How diet can cause stress in dogs

Unfortunately, dogs can’t talk about their problems so they often express stress in different forms, including:

  • Aggression over food, treats or toys
  • Digging and escaping to seek out food
  • Tucking into garbage
  • Chewing on household objects
  • Devouring their meal and then vomiting it up
  • Coprophagia (eating feces)

If your dog is showing some of these signs, they might not be getting enough high-quality nutrients to satisfy them. Some dogs for example can’t digest high levels of incomplete proteins and in turn don’t intake the necessary amino acids.

On the other hand, dogs who are eating too many simple carbohydrates or sugars can become unfocused, agitated and difficult to train.

Here is a good article by Dogs Naturally Magazine about your dog’s diet and his behavior—and why your dog may not be getting what he needs—even if you are feeding a high-quality dry kibble.

How To Improve Your Dog’s Behavior With Diet

By Julia Langlands ACFBA Last Updated: March 28, 2022

Raw meat and bones offer more than physical health and longevity for your dog. They offer amazing mental health and behavioral benefits too! The answer lies in the gut, your dog’s most underrated organ.

Your Dog’s Gut Influences His Mood

The gut contains many beneficial bacteria and chemicals that are essential for

  • Self-control
  • Energy
  • Mood
  • Happiness
  • Motivation
  • Contentment
  • Trainability

Knowing that gut influences mood brings diet into the spotlight when it comes to behavior. That’s why this fabulous organ is known as the second brain.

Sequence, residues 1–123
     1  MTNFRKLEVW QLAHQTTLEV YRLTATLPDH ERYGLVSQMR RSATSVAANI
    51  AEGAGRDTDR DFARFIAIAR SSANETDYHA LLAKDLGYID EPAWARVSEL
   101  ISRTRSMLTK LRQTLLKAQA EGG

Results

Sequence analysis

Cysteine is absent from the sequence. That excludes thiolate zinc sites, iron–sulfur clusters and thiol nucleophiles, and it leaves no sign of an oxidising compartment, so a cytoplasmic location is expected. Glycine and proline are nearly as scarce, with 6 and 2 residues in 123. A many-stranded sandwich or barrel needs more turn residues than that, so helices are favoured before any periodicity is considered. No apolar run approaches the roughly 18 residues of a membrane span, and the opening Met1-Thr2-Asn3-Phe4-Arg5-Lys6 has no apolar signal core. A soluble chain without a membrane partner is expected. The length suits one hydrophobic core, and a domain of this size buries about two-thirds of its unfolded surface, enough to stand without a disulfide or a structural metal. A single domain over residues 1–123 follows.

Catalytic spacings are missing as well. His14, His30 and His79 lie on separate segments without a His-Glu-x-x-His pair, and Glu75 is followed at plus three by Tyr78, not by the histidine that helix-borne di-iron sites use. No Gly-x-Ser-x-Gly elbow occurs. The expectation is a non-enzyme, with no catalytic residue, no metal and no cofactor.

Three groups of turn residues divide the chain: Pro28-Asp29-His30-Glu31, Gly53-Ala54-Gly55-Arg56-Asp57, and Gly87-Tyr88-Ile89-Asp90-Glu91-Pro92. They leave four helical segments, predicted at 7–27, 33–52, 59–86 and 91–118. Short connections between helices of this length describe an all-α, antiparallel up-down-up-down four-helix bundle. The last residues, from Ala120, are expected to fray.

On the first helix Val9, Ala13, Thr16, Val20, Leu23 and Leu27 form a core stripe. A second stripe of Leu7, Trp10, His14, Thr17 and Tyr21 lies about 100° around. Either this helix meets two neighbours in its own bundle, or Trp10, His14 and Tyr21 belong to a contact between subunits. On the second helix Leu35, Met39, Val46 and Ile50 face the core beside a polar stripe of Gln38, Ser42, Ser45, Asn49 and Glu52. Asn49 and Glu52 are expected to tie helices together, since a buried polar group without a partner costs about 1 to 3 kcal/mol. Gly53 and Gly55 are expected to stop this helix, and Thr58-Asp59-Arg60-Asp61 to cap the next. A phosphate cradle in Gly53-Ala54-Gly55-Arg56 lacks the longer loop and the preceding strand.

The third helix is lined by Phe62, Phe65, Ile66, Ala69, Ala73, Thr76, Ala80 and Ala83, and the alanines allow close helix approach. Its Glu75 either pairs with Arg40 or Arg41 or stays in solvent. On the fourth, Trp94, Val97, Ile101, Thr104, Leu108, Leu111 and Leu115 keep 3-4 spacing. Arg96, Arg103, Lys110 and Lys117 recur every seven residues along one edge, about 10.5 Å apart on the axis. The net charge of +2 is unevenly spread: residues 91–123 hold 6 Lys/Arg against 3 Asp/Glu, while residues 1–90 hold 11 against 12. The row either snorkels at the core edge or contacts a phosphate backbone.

The phrase, “You are what you eat,” has never been more relevant to dogs than it is right now. The rise of commercial processed kibble has brought with it a surge of behavior problems. Your dog’s food dramatically influences mood, feelings and actions – behavior itself!

The Cycle Of Feelings And Behavior

Behavior is a result of both internal and external factors, working together in harmony. Hormones and neurotransmitters are chemical messengers that have many jobs inside your dog’s body. One of these jobs is creating feelings.

Feelings result in mood, and mood results in behavior, which feeds back information based on outcome and creates more chemical messengers. These chemicals create feelings and moods, which feed further information to the brain. That causes further chemical release, which creates feelings, mood, and behavior—you get the idea.

Physical behaviors and emotions are part of a cycle that drives each other. They’re inextricably linked. This process is known as biofeedback. It’s a natural way of creating balance, regulating stress and excitement. It allows your dog to respond appropriately to threats, promoting behavior that offers a reward—Internally or externally.

When you’re working on your dog’s behavior, focusing on the result is just one small way of changing behavior patterns. But focusing on the physical action doesn’t directly address the emotion beneath.

The Chemicals That Influence Your Dog’s Mood

Let’s examine the gut and what occurs beneath the fur – beyond the visible signs of aggression, restlessness, fear, or phobia. Diet plays a huge part here, and raw feeding is the gold standard. This natural diet promotes gut health and offers plenty of storage space for the following chemicals, each with its own associated benefits:

  • Opiates – responsible for happiness
  • Dopamine – motivates
  • Acetyl chloride – for memory and concentration
  • Endogenous benzodiazepines – tranquilizing
  • GABA – counters activity and relaxes

One superstar opiate-like substance is serotonin. Around 90 percent of your dog’s serotonin is in the gut’s protective lining known as the epithelium. Among other things, serotonin is responsible for the balance of mood.

A Healthy Brain Starts In The Gut

Looking at this list of attributes, it’s clear why a dog lacking these chemicals struggles with the balance of mood, excitability, inability to settle, stress, depression, memory problems, and focus. These chemicals and others work together to create an adaptable, trainable, calm, focused, happy, relaxed, and eager-to-please dog at his best.